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Tom Brake

Liberal Democrat MP for Carshalton and Wallington


Outlook Even Gloomier for St Helier Hospital

November 9, 2006 1:49 PM

Tom in front of St Helier AmbulanceCommenting on the letter sent by David Nicholson, the Chief Executive of the NHS, to all MPs Tom Brake MP for Carshalton and Wallington who has St Helier Hospital in his constituency said,

"David Nicholson's letter is just another indication of the threat that St Helier Hospital is under. He understates the case when he says that, 'I appreciate that changes to much loved local services often provoke strong emotions and opinions'. The local community have an opportunity on November 25th , when we march on St Helier Hospital, to show just how emotional they will feel if the Accident and Emergency or worse still the whole hospital at St Helier is closed."

The text of the letter was as follows;

Dear colleague

Since I took up the post of CE of the NHS eight weeks ago, there has been a lot of concern expressed about proposed service change and reconfiguration. I know that as Members of Parliament you take a keen interest in local services for local people, and so am taking this opportunity to set out in brief some of the key drivers of change at a national level.

Although change in the NHS is often perceived as a response to failure (and historically this has sometimes been the case) it is also an essential part of service improvement. This is not to deny that there are other factors at work, such as the need to comply with the European Working Time Directive and the need to achieve financial balance. I am in no way complacent about the small number of Trusts currently in deficit, and make no apologies for wanting a health care service that is financially sustainable as well as clinically sustainable. However, I also want to make clear that there are other drivers of change, such as developments in our capacity to prevent, treat and cure patients.

The NHS at a local level is responding to these drivers by developing a new model of care. Put simply, this can be described as providing care closer to people's homes where appropriate, with centres of excellence for more specialist care where clinically necessary, both complementing the services of District General Hospitals.

These reforms, together with technological advances mean that more care will be conducted outside the four walls of hospitals. Primary care practices are increasingly providing a range of services such as minor surgery. Community Matrons are working in the community with expert patients to help people to manage long-term conditions such as asthma, CHD and diabetes, improving health and avoiding unnecessary hospital admissions.

When people are admitted to hospital, more and more procedures are carried out as day cases. Of those patients who do have to stay in hospital for longer than one night, we are witnessing a long-term downward trend in the average length of stay. All of these changes are positive for patients and their carers, but they are having a real impact on the numbers of beds required by acute hospital and where and how NHS staff work.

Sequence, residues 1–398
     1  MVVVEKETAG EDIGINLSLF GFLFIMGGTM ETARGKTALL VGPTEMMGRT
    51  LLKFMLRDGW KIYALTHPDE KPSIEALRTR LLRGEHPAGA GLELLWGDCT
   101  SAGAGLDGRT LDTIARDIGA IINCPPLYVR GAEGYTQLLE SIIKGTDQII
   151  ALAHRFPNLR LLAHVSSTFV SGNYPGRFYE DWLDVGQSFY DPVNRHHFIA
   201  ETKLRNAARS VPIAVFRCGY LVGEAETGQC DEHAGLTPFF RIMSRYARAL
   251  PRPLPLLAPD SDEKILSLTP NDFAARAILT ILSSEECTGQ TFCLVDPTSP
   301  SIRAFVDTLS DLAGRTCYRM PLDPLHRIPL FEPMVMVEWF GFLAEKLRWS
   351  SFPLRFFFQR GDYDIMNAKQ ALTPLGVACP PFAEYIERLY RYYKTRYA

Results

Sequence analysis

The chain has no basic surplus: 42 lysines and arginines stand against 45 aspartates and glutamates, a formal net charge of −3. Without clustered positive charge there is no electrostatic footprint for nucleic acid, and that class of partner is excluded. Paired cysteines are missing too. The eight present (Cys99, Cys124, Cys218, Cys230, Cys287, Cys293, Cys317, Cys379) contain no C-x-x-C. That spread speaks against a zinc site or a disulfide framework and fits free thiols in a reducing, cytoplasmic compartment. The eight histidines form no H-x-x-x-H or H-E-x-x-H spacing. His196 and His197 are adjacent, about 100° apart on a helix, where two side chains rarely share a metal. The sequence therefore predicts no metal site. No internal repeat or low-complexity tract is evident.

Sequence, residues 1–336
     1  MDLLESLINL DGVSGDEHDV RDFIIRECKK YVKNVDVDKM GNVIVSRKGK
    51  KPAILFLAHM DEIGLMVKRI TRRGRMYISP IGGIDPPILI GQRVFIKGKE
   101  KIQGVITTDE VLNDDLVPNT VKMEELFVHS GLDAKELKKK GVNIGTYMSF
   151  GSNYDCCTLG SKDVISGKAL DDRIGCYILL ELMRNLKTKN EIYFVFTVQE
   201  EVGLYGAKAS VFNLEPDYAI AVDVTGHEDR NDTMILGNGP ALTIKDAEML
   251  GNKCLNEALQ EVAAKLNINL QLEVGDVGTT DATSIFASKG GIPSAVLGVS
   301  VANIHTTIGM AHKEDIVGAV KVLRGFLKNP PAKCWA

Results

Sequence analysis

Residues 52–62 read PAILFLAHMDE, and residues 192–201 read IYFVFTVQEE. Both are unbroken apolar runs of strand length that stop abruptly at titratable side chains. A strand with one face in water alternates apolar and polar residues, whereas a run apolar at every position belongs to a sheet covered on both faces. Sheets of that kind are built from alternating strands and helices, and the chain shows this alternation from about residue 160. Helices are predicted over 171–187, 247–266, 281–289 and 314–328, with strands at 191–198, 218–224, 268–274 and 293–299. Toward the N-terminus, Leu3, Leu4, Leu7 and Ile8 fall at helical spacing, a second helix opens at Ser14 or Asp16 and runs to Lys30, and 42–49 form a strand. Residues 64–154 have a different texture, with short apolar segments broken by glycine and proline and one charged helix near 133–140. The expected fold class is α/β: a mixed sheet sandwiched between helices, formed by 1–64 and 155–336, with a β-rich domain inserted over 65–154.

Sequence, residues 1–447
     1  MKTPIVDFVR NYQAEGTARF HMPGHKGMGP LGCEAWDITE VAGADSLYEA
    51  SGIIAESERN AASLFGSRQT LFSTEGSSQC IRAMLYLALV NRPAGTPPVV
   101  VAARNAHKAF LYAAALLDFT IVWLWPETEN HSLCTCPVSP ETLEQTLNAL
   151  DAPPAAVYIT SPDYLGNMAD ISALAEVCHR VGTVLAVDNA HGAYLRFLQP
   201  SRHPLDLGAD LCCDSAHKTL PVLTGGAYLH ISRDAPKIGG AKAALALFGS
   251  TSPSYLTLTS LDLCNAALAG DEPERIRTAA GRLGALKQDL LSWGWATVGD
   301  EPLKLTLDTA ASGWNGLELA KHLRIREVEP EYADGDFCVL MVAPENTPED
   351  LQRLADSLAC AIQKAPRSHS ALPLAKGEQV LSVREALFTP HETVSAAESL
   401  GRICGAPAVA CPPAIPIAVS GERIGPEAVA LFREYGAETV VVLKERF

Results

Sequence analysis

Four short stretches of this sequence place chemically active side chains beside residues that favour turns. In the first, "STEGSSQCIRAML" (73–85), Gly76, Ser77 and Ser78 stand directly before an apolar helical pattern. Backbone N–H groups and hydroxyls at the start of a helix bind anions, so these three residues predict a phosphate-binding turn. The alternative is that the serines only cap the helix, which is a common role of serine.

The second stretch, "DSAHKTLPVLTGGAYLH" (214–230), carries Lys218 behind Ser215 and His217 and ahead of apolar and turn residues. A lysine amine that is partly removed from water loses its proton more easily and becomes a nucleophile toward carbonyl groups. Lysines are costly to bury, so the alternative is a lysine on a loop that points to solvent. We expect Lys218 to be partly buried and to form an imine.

It is vital that the patient receives the very best possible care, and sometimes the best care maybe in a specialist regional centre rather than their local DGH. At a specialist centre it is more likely that clinicians and nurses will see enough patients to develop the skills necessary for an enhanced outcome. For example, National guidance from NICE states that specialist urology teams should carry out at least 50 radical prostate or bladder operations a year.

All this points to making sure that the patient gets the right treatment at the right time in the right place. And the answer will be different in different localities.

We are starting to see a health care system with fewer beds in the acute sector for a whole range of conditions, with the ability of primary care to perform minor surgery and the increasing skilled nature of our paramedic service requiring a re-think of how we provide urgent care. Our aim should not therefore be to preserve the status quo, but to think imaginatively about how we can unlock the resources, both in terms of money and people, to re-direct them where most benefit can be achieved for patients.

The NHS has a duty to respond to the changes that technology, skills, patient needs and resources are driving. These are not easy or simple decisions to face up to. If the NHS lacks imagination or courage, then it will revert to a series of quick fixes, rather than seizing the opportunities there are to transform the provision of care. I have asked Sir Ian Carruthers, who has over 30 years experience in the NHS, to work with SHAs to look at their proposals for service change with a view to identifying areas where further support is necessary. This work will ensure that due process is followed and that best practice is shared across the NHS. Any changes will be a matter for local decision making, and subject to consultation and independent scrutiny.

This letter has been necessarily generic, but I would urge you to contact the CE of the Strategic Health Authority in your area for a more detailed discussion about possible changes that may be taking place to health services in your locality in the future. I appreciate that changes to much loved local services often provoke strong emotions and opinions. The NHS certainly needs to improve how we listen, engage and respond to the genuine concerns of the public, patients, clinicians and other stakeholders. I genuinely hope that we can work with you at both a national and local level to develop a mature and open debate about not just how many hospitals we have, but how many more lives we can save and improve.

Yours sincerely

David Nicholson CBE

NHS Chief Executive